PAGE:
Can Religion or Spirituality Help Ward Off Depression?

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Can Religion or Spirituality Help Ward Off Depression?

People who are committed to their religion cope better with stress / Photo by Jozef Polc via 123RF


Depression is one of the most common illnesses in the world that can extremely affect a person's life. The World Health Organization reported that more than 300 million people around the world are affected. In fact, about 800,000 of people die due to suicide every year. This shows that depression not affects a person's daily life and makes it harder for them to function but it also can lead to death. 

It should be known that depression is far different from common sadness or usual mood fluctuations. Depression can affect the way you live, interact with people, your views in life, and how you function on a daily basis. With its impact, WHO put the mental health condition in its priority list through the mental health Gap Action Programme (mhGAP). This program aims to help nations in increasing their services in terms of addressing a person with mental, neurological, and substance use disorders. 

Throughout the past decades, many medications have been introduced and continue to be applied to help people suffering from depression. These treatments, whether psychological or psychosocial, can extremely help them in controlling further damage in their brain and behavior. But there are a lot of people who believe that religion can also cure depression.


Is Divine Intervention Needed? 

Depression is not only a problem with emotions, but it is also a mental disorder that causes impairment of personal functioning and significant distress. It is difficult to survive every single day even in the presence of medications. Some people, especially those who have a strong faith in their religion, use their beliefs or spirituality to fight depression. In fact, a recent study explored religiosity/spirituality as a protective factor in this mental health condition. 

According to an article by Psychology Today, studies have shown the positive impacts of religiosity to depression. For instance, a study in 2005 involving older adults in the San Francisco Bay area showed that religion served as a buffer against depression in those with poor health. Another research in 2013 revealed that believers of God have a better response to treatment in their mental health condition. Aside from that, a study conducted by Dr. Harold G. Koenig, director of the Center for Spirituality, Theology, and Health at Duke University Medical Center, showed that more religious people had fewer depressive symptoms.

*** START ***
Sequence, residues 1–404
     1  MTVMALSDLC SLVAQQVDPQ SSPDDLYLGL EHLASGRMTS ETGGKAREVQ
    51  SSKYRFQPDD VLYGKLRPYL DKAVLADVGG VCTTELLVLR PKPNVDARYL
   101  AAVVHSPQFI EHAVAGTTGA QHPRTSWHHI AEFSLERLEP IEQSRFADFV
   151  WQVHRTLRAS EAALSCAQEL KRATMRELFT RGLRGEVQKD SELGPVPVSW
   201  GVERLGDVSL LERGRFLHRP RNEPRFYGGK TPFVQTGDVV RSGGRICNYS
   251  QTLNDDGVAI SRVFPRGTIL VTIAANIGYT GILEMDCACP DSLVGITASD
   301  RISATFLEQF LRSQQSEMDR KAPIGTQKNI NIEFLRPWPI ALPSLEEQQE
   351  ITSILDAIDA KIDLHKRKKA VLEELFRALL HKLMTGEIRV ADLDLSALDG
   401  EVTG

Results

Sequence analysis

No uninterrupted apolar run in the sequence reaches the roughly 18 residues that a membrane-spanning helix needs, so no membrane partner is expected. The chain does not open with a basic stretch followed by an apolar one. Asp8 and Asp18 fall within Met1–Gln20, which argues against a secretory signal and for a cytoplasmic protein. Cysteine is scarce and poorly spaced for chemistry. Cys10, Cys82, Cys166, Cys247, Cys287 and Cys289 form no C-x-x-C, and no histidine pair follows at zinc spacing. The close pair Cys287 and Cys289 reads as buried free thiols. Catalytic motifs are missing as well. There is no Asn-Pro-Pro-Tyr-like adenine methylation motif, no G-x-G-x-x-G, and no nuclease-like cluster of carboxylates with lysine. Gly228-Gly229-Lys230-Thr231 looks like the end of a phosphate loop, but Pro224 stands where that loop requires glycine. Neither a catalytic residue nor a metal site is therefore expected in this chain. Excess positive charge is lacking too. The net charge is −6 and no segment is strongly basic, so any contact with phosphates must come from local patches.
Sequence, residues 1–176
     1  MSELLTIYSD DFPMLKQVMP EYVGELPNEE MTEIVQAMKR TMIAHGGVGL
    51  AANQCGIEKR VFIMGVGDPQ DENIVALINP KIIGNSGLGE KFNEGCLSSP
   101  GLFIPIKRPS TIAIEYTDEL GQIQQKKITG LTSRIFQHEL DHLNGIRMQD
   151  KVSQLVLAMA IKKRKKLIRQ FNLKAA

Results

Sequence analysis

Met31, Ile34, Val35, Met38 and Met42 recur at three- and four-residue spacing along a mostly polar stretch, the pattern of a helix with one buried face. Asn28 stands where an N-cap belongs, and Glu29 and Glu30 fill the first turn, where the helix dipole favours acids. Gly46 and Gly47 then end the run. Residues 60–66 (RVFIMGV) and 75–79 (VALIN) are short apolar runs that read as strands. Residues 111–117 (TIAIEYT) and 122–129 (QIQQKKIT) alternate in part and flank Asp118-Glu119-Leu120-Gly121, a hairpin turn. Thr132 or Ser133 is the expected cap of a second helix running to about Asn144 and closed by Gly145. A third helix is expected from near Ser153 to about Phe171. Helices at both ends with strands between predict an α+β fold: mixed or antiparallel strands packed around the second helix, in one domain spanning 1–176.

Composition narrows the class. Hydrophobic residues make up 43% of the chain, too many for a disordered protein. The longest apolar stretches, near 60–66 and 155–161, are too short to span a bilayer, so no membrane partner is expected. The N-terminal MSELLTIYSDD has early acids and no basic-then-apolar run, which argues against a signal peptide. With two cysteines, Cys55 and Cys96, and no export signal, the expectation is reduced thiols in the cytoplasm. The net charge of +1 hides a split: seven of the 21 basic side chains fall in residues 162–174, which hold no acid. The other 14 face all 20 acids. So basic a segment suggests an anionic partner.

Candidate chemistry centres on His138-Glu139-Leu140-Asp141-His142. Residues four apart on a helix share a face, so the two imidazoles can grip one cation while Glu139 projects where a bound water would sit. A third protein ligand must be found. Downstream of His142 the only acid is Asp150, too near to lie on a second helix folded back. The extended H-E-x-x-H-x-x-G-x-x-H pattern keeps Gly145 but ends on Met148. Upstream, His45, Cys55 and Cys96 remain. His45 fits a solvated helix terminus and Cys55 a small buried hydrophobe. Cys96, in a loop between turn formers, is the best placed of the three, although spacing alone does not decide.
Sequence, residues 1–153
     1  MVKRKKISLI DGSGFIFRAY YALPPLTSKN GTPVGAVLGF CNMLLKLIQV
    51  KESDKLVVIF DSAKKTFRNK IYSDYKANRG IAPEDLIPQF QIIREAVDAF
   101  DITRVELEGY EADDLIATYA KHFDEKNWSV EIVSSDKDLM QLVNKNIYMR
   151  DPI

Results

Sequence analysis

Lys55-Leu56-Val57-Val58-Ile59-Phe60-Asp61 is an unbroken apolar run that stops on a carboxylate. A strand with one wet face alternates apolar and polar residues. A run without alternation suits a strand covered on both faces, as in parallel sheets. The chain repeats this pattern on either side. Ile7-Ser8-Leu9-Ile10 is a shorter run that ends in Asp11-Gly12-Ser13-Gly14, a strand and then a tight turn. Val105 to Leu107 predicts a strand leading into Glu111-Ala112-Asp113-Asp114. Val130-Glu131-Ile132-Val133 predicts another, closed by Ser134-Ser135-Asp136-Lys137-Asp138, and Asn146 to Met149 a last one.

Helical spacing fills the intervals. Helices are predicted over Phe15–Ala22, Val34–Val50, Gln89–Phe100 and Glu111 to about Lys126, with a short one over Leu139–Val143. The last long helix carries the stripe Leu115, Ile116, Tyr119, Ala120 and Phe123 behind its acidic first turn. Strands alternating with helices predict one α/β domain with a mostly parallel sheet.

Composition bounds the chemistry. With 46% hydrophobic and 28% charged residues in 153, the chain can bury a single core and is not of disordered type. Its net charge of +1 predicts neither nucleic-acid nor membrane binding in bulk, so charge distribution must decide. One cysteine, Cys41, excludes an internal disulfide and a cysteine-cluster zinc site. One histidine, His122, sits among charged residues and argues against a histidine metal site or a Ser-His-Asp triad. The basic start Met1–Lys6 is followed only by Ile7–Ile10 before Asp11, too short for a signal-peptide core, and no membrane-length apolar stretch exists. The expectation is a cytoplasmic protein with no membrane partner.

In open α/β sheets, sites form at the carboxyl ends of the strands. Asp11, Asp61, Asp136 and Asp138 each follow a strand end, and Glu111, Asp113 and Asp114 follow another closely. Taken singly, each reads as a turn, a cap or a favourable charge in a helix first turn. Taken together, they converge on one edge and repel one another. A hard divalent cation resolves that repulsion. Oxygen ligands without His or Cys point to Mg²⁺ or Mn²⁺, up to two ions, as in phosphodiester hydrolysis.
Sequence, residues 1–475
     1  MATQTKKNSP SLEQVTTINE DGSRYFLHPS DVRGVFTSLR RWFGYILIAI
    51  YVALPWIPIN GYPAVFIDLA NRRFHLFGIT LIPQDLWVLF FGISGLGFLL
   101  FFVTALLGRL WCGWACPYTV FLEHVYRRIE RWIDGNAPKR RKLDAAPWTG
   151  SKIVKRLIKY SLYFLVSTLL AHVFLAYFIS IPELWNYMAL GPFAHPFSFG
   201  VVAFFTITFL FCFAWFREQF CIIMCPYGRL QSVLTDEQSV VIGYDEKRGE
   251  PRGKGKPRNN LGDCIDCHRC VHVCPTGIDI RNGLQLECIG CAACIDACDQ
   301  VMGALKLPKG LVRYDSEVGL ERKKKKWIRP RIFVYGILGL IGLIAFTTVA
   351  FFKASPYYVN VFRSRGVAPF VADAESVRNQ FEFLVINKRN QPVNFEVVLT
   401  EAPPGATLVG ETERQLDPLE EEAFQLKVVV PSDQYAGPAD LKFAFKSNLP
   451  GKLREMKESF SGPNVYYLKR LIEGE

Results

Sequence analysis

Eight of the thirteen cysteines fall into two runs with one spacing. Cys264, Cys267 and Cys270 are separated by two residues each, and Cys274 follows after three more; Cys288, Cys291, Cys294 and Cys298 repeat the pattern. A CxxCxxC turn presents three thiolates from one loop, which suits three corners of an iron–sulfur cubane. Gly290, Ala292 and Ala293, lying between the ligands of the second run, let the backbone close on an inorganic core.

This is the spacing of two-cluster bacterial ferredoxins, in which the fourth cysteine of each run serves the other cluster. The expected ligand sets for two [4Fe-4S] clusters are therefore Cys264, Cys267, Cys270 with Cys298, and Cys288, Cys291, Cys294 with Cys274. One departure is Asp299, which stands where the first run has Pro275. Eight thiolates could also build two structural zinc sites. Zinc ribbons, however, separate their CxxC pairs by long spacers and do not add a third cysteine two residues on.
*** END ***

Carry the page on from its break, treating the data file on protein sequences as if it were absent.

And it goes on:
The significance of religion or spirituality is associated with thicker cortices in bilateral parietal and occipital regions of the brain / Photo by Mark Bowden via 123RF


In an interview with Live Science, Koenig stated that people who are committed to their religion cope better with stress. "One of the reasons is because [religion] gives people a sense of purpose and meaning in life, and that helps them to make sense of negative things that happen to them," he said. These studies show that there's a clear link between religion and mental health benefits. Dr. Andrew Newberg, a neuroscientist at Thomas Jefferson University and Hospital in Philadelphia, stated that meditative prayer and meditation have the potential to activate areas of the brain that are working with emotional responses. 

Frontal lobes, which are one of the active areas of the brain involved in regulating responses, can be further strengthened by religion through meditation and prayer. They help people be "more calm, less reactionary, and better able to deal with stressors." Additionally, these neural connections powered by religion can be a factor in changing the way the brain works. 

An article by the Science Alert added that recent research showed that the significance of religion or spirituality is associated with thicker cortices in bilateral parietal and occipital regions of the brain, which means that they have low risk in depression. "As we had previously reported cortical thinning in these regions as a stable biomarker for depression risk, we hypothesized that the thicker cortices in those reporting high importance of [religious or spiritual] beliefs may serve as a compensatory or protective mechanism," the authors concluded. 


Overall, religion is seen as a protective factor of people from depression. Although medications and professional help are extremely important, believers see faith and spirituality as their coping mechanism. 


Negative Impacts of Religion to Mental Health

Religion usually encourages believers to practice compassion and forgiveness. Therefore, people are more likely to resolve their problems being a person who can let go of negative emotions. However, religion can also be harmful especially if its beliefs or teachings have no positive effect on a person's mental health. For instance, if that particular group advocates hate, it can fuel negative emotions and beliefs, which can change how they treat other people, even themselves. 

This can also alter the way our brain works. Hate can activate areas of the brain that are involved in increasing stress and stimulate the release of stress hormones. If a religion also treats a health condition like an addiction as a punishment from God, it can worsen their condition since they will less likely to seek treatment. Additionally, believers also tend to experience greater emotional distress when they question God's love for them or when they feel abandoned by Him.



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